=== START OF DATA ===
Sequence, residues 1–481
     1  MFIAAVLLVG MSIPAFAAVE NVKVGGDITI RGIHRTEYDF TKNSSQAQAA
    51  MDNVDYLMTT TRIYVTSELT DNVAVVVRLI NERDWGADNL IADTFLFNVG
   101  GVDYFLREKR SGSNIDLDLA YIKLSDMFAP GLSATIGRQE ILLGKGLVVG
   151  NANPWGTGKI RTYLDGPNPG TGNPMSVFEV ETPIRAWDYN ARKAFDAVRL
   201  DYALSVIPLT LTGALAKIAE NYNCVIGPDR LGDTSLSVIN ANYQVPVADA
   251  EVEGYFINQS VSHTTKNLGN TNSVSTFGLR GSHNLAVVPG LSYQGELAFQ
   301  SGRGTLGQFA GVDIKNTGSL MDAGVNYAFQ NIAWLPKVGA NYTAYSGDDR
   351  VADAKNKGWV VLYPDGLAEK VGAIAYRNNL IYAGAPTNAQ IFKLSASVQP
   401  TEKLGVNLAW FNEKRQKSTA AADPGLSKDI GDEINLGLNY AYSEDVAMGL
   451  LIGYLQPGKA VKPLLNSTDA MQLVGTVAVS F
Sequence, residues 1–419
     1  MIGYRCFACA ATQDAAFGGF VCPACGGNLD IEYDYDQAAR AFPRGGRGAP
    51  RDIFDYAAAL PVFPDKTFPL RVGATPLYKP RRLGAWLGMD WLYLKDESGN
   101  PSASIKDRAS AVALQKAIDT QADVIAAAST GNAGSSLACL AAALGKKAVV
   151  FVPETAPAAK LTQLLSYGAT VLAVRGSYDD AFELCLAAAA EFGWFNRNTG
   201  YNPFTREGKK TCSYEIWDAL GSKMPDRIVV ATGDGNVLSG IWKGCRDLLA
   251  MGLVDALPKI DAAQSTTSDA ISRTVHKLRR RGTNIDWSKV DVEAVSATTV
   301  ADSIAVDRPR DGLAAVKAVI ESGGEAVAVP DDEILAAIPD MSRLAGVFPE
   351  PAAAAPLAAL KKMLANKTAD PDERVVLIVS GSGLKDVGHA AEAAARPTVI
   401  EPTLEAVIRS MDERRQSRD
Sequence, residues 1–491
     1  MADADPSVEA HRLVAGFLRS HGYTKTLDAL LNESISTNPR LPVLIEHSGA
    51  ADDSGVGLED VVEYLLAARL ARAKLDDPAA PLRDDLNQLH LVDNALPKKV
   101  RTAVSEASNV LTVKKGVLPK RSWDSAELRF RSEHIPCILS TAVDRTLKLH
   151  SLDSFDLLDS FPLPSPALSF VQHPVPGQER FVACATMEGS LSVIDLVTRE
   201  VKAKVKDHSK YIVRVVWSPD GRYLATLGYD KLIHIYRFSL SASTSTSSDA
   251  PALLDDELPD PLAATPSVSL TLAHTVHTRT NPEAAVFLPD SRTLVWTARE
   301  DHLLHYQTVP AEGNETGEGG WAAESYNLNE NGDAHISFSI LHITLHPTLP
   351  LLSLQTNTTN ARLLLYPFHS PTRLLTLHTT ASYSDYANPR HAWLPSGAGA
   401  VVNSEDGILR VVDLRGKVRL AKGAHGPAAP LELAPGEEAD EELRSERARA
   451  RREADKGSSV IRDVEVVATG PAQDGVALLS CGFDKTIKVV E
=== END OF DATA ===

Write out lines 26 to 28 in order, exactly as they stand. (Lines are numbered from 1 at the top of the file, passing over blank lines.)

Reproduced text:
   151  SLDSFDLLDS FPLPSPALSF VQHPVPGQER FVACATMEGS LSVIDLVTRE
   201  VKAKVKDHSK YIVRVVWSPD GRYLATLGYD KLIHIYRFSL SASTSTSSDA
   251  PALLDDELPD PLAATPSVSL TLAHTVHTRT NPEAAVFLPD SRTLVWTARE